Status characteristics theory (SCT) is a branch of the expectation states theoretical research program (e.g., Berger, Cohen, and Zelditch 1972; Berger, Fisek, Norman, and Zelditch 1977) that focuses on how a group whose members are initially differentiated along one or more social characteristics (like education, occupation, race) also become differentiated in the amount of influence they exercise in the group. Social attributes do not merely differentiate individuals in a group, according to Berger and his colleagues, they may also reflect beliefs about the worthiness and competency of group members. These beliefs lead to the formation of a group status hierarchy, in which hierarchical status position is linked to expectations regarding the relative competence of group members. Actors in more advantaged positions in the hierarchy (i.e., higher status actors) are expected to be more competent than actors in less advantaged hierarchical positions (i.e., lower status actors). Competency expectations are manifested in the social behavior of group members. Higher status actors (who enjoy expectations of greater competence compared to lower status actors) are granted more opportunities to contribute to the group and their contributions are viewed more favorably compared to lower status actors. As a result, higher status actors exercise greater influence than lower status actors in groups. That is, status, competency expectations, and influence may arise from attributes that differentiate social actors, provided that the attributes have not been proven to be irrelevant to the group's task. This latter condition (i.e., lack of demonstrated irrelevance) is a key component of the theory, referred to as the "burden of proof" principle. The process whereby differentiating social attributes translate to status value, differential competency expectations, and the manifestation of observable differences in behaviors (e.g., influence behaviors) is referred to as a "status-organizing process."

[184]
---------------
[185]

The status-organizing process that links differentiating characteristics to social influence is theorized to hold in groups whose members are task-oriented and collectively oriented. Task orientation refers to a situation in which actors are working toward a valued outcome on a task (e.g., the correct answer to a problem). Collective orientation refers to a situation in which actors believe it is appropriate to consider the input of others as they work on a task. These conditions, task and collective orientation, are the scope conditions of SCT (e.g., Cohen 1989; Walker and Cohen 1985). When groups meet these conditions, we expect the theory's claims linking differentiating social characteristics to status, competency expectations, and social influence to be supported in empirical observations. Research has shown a number of social attributes that operate as status characteristics under the theory's scope conditions, including sex (e.g., Lockheed and Hall 1976), race (e.g., Cohen 1971), beauty (e.g., Webster and Driskell 1983), educational affiliation (e.g., Moore 1968), and physical disability (e.g., Houser 1997).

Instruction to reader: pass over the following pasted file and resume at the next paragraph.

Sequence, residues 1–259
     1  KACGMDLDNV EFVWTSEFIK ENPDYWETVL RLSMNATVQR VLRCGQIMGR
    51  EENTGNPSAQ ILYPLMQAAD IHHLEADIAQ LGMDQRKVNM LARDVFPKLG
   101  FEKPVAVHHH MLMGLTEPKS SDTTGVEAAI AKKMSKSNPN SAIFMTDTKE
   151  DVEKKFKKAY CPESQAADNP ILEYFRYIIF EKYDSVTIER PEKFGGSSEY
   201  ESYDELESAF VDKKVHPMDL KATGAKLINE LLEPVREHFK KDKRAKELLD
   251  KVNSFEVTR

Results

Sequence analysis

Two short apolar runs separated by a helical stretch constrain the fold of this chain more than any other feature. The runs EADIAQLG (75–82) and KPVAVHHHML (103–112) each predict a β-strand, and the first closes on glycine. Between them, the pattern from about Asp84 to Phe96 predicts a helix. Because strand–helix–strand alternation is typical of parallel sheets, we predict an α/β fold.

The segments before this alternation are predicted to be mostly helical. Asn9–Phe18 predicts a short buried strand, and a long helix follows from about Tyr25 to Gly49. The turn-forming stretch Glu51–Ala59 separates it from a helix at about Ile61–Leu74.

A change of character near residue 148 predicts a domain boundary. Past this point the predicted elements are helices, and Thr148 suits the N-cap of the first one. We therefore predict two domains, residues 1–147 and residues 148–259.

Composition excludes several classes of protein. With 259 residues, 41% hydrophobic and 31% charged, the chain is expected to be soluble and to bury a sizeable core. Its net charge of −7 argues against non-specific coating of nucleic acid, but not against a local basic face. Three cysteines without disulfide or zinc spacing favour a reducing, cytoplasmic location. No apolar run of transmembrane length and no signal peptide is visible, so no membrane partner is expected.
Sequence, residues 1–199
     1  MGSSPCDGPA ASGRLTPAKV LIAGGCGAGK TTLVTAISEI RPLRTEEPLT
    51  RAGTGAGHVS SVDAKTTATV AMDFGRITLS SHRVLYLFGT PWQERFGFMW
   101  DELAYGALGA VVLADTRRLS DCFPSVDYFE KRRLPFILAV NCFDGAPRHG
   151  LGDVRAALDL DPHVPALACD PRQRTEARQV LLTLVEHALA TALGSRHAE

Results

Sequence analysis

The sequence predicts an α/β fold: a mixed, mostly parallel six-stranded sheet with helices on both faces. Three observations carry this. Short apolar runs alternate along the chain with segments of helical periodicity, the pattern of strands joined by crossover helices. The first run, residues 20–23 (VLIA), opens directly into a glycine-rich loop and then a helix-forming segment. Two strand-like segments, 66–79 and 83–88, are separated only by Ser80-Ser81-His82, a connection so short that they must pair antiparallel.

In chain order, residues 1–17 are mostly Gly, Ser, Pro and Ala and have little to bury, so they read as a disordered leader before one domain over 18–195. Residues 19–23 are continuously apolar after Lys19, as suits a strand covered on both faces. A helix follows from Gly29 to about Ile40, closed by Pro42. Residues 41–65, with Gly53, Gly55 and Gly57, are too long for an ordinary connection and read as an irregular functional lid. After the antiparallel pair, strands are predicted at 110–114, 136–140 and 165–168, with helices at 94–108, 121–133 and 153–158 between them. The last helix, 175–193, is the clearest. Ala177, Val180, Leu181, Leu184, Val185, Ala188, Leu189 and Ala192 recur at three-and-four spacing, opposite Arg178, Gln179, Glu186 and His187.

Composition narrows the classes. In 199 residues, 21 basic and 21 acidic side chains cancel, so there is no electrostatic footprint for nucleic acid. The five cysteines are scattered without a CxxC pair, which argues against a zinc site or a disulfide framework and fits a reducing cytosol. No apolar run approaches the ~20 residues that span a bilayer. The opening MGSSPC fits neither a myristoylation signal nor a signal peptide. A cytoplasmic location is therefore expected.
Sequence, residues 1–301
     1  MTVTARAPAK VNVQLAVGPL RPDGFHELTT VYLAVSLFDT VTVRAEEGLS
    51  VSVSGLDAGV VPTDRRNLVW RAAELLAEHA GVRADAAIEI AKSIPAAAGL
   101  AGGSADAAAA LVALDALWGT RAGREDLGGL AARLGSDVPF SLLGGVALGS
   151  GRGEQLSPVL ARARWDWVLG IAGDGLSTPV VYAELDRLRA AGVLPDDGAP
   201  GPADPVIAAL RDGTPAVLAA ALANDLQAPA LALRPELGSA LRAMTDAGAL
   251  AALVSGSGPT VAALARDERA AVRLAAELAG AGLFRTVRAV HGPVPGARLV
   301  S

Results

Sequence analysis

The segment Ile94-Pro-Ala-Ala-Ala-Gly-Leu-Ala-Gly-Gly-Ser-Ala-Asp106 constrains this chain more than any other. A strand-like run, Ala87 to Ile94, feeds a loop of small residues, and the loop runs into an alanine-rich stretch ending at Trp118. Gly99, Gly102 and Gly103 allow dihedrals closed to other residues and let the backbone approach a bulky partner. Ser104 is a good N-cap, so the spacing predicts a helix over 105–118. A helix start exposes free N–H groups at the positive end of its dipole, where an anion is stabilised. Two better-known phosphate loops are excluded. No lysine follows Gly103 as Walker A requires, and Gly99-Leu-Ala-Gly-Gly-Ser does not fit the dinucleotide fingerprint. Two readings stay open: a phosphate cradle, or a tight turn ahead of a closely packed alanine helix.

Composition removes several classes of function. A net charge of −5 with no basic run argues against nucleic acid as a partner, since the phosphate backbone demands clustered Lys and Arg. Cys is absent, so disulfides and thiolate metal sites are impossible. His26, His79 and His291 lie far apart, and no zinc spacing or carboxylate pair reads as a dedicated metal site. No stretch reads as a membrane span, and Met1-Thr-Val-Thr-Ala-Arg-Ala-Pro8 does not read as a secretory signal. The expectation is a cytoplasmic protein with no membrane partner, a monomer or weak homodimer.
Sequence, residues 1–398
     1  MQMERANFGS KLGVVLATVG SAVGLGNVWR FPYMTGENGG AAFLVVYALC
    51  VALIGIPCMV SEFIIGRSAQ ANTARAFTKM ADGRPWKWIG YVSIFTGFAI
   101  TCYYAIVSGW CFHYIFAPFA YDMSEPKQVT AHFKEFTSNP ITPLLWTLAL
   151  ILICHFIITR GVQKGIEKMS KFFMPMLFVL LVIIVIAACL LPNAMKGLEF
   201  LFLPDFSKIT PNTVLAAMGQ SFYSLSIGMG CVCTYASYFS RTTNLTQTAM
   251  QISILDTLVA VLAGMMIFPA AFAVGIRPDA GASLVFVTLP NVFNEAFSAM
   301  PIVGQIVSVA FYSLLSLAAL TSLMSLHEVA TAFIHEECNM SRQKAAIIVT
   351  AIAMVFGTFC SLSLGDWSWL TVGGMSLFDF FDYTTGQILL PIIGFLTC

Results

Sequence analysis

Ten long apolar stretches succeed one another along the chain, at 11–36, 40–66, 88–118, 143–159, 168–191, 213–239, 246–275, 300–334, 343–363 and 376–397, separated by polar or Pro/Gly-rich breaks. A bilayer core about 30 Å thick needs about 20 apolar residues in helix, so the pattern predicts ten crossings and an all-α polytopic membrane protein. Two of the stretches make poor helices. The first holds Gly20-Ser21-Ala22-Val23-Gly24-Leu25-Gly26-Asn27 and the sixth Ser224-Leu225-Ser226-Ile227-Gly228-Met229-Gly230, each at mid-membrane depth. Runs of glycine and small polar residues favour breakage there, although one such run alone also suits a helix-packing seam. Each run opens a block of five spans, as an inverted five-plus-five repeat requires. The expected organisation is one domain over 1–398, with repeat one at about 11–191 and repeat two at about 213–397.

THE STANDARDIZED EXPERIMENTAL SETTING2

The conceptual advances within the expectation states theoretical research program in general, and SCT, in particular, can, in part, be attributed to the reliance of researchers on an experimental protocol, referred to as the "standardized experimental setting" (SES). Using the SES has facilitated the comparison of results across different studies and helped researchers advance the theory through the estimation of formal models of the status-organizing processes leading to social influence that SCT represents. The result has been an enhanced understanding of critical theoretical issues like the effects of multiple consistent status characteristics on social influence (e.g., Berger and Zelditch 1977), the effects of status inconsistency on social influence (e.g., Norman, Smith, and Berger 1988), and the effects of relevance between a status characteristic and a task outcome on social influence (e.g., Wagner, Ford, and Ford 1986).

As outlined in Cook, Cronkite, and Wagner (1974) and summarized in Berger and Zelditch (1977) and Moore (1968), the SES characterizing SCT research represents a set of standardized procedures through which researchers (1) introduce manipulations of independent variables to operationalize key theoretical variables (e.g., status characteristics), and (2) assess effects of independent variables on a dependent variable of interest (e.g., social influence), while (3) employing manipulations to ensure the realization of the theory's scope conditions (i.e., task and collective orientation of social actors). It is important to note that not every detail of the experimental setting can be held constant across all studies. As new variables and

[185]
---------------
[186]